Slip and Fall Accidents in Nursing Homes
As our loved ones get older, they require more specialized care. In addition to many health issues associated with aging, the risk of falling increases significantly with age. Nursing homes and assisted living facilities offer an environment that is supposed to be safer for elderly residents. These facilities should provide infrastructure to minimize the risks of accidents and should also have trained staff supervising and assisting the residents 24-7.
Despite the precautions that are taken in many nursing homes and assisted living facilities, falls are still a common occurrence. The average nursing home will see between 100 and 200 falls in a year. This figure could be higher as many falls go unreported.
Unfortunately, some nursing homes and assisted living facilities have far worse safety records and many more of their residents suffer falls that result in serious injury.
Falls do happen and they cannot all be prevented. However, some incidents are the result of negligence or malpractice on the part of an employee or the facility. In these cases, the nursing home or assisted living center may be held liable for the fall.
Nursing homes are supposed to assess the needs of a patient when he or she is admitted as a resident. Every resident has special needs and requirements. Each resident also presents different levels of risk. This assessment helps the nursing home design a care plan that is specific to the needs of the resident and takes into account the risks associated with that particular resident.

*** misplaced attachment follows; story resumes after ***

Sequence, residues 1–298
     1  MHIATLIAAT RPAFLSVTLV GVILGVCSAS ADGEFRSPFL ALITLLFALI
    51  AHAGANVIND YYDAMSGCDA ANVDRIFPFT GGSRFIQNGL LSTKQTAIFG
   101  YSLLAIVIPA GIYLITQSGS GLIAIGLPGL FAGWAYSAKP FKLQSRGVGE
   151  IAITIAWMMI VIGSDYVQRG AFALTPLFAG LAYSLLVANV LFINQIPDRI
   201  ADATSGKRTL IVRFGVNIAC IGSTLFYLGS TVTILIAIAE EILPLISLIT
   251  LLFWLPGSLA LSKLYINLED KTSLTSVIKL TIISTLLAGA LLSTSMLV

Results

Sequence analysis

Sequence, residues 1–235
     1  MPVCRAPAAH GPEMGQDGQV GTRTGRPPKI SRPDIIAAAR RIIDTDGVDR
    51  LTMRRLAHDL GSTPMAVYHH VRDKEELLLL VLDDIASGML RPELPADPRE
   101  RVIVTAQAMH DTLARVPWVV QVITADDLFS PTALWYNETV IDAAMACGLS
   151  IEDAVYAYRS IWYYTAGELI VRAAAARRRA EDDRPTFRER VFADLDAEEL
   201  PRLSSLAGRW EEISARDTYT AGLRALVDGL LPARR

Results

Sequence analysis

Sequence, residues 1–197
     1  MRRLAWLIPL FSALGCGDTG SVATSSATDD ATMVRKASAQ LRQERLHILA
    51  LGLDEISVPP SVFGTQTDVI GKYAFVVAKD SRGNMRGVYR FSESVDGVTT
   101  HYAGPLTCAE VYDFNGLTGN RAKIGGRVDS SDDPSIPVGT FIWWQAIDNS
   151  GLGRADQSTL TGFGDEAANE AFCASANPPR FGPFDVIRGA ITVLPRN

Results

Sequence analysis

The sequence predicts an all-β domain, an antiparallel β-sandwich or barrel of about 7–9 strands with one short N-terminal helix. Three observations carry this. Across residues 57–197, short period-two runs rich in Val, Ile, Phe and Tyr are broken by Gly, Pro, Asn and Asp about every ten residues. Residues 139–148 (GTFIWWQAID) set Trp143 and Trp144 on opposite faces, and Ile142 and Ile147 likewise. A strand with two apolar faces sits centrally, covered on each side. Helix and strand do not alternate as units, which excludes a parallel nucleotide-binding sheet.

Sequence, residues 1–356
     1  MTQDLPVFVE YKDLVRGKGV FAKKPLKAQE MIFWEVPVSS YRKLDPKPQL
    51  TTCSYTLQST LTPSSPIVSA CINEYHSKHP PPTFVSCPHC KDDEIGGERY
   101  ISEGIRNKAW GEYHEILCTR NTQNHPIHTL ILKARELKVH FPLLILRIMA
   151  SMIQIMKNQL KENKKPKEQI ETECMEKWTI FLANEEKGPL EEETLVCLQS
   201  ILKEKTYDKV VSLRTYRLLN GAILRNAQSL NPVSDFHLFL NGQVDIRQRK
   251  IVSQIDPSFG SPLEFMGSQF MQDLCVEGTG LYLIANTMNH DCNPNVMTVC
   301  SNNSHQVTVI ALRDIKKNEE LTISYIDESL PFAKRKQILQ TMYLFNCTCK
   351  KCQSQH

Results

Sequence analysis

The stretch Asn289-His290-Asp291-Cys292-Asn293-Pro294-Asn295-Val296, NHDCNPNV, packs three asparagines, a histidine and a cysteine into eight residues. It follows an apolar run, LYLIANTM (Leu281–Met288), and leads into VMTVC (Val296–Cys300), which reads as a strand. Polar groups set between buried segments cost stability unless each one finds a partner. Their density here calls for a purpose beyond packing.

Residents should be assessed for issues such as:
- Mobility limitations
- Loss of balance and strength
- Taking medications that result in drowsiness, dizziness or poor reaction time
- Impaired vision
The nursing home should determine the best safety precautions to take in order to avoid a fall. This may include:
- The provision of specialized equipment such as mobility aids and walkers
- The assessment and adjustment of beds, chairs and toilets to a safe height
- The positioning of rails and grab bars
- Ensuring surfaces are cushioned.
Not every fall is preventable even in a facility with skilled staff and specialized equipment. However, if a fall occurs as a result of negligence on the part of an employee or the facility and your loved one is seriously injured, you may have a claim against the facility.
A good case for liability against a nursing home may involve:
- The nursing home’s failure to develop a satisfactory care plan based on the individual needs of the resident
- A failure to reassess and modify the care plan regularly
- A failure to provide the resident with appropriate care as outlined in the care plan
- A failure to use proper technique in handling of the patient e.g. moving patient from their bed to a wheelchair
- Understaffing of the facility
- Using unqualified or untrained staff
- Failing to remedy hazards in the environment such as wet floors, defective floors or inadequate lighting.
If your loved one was injured in a fall at a nursing home or assisted living center, you should speak with an experienced nursing home negligence attorney to evaluate your claim.